For over 100 years, Freeman's Manners and Customs of the Bible has been the serious Bible student's choice.
Short of enrolling in a course in ancient Hebrew civilization, The New Manners & Customs of the Bible is the quickest, easiest, and most enjoyable way to understand the people and culture of the Bible. It is an invaluable key to unlocking a complete and accurate understanding of Scripture that is often hidden in ancient Hebrew culture.
“References to the sealing or setting apart of the people of God are made in 2 Corinthians 1:22; Ephesians 1:13; 4:30; Revelation 7:2.” (Page 514)
“Anointing was an ancient custom practiced by the Egyptians and afterward by the Greeks and Romans and other nations. Olive oil was used, either pure or mixed with fragrant and costly spices, often brought from a long distance. (See note at Matthew 26:7 Alabaster—Tables) Anointing was done not only as a part of the ceremony in connection with the coronation of kings (see 2 Kings 11:12 Coronation Ceremonies) and at the installation of the High Priest (Psalm 133:2), but also as an act of courtesy and hospitality toward a guest. Thus Jesus accuses Simon of lacking hospitality in neglecting to anoint His head when Simon invited Him to eat with him (Luke 7:46).” (Page 313)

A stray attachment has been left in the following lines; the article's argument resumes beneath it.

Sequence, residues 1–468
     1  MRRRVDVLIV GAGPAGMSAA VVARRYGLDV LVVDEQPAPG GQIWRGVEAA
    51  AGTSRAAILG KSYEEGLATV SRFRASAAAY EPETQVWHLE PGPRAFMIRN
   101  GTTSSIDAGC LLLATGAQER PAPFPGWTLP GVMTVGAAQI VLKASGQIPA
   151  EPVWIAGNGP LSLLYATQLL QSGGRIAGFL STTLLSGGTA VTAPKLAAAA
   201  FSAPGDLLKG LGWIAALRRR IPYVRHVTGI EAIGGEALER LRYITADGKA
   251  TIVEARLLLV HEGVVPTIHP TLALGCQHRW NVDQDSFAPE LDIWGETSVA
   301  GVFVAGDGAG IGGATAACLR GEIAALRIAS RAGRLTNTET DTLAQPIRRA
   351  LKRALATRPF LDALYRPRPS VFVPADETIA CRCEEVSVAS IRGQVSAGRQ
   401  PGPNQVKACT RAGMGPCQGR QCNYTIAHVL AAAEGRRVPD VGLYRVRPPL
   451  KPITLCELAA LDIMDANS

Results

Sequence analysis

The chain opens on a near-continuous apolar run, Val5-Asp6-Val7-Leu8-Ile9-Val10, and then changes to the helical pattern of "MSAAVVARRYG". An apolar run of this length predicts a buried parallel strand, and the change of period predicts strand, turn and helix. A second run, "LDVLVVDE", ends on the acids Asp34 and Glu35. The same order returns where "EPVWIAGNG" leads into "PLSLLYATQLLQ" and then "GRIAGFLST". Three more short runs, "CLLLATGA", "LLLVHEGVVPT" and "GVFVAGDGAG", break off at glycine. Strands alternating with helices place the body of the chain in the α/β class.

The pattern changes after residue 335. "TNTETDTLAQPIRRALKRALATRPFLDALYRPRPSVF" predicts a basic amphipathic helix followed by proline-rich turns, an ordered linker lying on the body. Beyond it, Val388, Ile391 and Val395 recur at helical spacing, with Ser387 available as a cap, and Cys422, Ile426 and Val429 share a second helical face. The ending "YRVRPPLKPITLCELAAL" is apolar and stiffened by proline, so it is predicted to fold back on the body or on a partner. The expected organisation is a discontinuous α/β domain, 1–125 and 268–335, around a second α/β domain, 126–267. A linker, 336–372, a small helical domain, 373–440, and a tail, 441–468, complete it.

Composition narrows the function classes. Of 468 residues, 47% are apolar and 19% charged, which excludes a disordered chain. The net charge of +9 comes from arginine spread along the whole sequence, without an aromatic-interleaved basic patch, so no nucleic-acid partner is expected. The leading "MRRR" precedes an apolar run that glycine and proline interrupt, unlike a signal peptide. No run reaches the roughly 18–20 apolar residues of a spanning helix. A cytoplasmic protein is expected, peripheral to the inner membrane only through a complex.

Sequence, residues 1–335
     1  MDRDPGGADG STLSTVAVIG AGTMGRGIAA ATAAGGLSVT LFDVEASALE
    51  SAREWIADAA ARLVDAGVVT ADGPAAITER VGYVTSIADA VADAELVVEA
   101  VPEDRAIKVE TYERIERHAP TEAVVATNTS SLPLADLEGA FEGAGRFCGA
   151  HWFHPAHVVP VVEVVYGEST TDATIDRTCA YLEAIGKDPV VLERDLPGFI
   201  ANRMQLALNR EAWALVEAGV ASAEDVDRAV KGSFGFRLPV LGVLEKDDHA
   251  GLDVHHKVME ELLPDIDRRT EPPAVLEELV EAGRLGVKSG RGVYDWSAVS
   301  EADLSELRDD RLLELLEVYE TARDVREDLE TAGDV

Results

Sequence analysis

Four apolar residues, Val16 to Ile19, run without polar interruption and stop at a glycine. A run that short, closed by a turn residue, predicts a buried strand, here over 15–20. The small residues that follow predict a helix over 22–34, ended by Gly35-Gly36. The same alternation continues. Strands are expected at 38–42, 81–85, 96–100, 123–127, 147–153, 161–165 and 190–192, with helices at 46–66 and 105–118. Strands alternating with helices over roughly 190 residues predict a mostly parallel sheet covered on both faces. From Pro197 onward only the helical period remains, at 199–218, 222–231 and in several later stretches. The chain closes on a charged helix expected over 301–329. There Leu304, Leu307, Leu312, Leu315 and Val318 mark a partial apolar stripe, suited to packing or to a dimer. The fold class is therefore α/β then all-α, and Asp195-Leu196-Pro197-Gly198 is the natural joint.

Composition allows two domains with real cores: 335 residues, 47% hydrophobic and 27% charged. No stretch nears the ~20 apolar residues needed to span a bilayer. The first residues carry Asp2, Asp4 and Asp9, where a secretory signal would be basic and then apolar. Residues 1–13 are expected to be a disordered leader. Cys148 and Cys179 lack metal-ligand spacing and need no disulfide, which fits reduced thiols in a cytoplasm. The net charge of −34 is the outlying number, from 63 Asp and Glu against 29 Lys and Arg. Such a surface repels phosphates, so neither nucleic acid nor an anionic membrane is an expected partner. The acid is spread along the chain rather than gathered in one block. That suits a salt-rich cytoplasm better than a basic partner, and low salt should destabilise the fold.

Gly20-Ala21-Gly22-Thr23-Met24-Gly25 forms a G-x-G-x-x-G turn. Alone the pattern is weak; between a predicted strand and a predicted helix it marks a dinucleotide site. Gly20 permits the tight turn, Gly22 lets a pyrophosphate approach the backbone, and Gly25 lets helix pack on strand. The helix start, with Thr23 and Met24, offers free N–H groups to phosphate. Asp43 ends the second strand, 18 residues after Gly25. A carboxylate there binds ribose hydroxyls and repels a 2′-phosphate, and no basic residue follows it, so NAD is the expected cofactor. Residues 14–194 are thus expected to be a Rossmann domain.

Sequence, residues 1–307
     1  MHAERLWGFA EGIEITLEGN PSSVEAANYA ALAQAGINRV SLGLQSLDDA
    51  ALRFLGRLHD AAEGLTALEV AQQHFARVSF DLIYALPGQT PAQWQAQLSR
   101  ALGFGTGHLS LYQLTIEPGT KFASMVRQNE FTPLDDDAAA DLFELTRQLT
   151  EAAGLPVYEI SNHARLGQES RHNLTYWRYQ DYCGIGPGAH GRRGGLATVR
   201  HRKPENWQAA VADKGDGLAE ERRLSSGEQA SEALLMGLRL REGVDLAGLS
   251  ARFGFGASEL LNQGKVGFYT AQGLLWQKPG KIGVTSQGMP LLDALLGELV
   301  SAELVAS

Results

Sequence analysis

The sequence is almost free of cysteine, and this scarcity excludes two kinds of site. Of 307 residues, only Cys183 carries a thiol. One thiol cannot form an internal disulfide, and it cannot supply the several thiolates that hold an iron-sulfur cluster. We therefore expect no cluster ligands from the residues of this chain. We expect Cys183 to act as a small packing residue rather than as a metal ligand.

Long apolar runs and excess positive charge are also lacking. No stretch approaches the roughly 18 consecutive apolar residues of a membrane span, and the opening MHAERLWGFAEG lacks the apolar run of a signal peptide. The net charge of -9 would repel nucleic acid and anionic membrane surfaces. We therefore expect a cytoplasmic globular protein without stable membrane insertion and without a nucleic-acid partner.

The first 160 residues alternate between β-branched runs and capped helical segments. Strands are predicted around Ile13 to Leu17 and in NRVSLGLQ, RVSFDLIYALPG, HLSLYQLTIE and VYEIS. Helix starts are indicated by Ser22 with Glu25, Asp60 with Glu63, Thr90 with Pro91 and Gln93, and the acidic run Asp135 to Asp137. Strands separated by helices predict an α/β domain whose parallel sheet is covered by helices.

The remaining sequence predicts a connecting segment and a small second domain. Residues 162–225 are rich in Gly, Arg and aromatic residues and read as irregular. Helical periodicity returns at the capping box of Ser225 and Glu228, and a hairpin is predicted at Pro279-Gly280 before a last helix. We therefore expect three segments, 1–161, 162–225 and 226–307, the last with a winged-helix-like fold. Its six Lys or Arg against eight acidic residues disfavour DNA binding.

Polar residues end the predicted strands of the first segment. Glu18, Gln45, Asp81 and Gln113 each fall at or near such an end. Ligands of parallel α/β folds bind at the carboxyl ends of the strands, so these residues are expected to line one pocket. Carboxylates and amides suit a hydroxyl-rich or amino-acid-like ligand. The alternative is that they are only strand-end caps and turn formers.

“The precise form of the fishing nets used by the Hebrews is not known; nor do we know the exact difference between the meanings attached to the several words that are translated ‘net.’” (Page 439)
“Espousals were often made very early in life, though marriage did not take place until the bride reached twelve years of age or had experienced her first menstrual cycle.” (Page 397)
“The philosophy advanced by Epicurus considered happiness, or the avoidance of pain and emotional disturbance, to be the highest good.” (Page 529)
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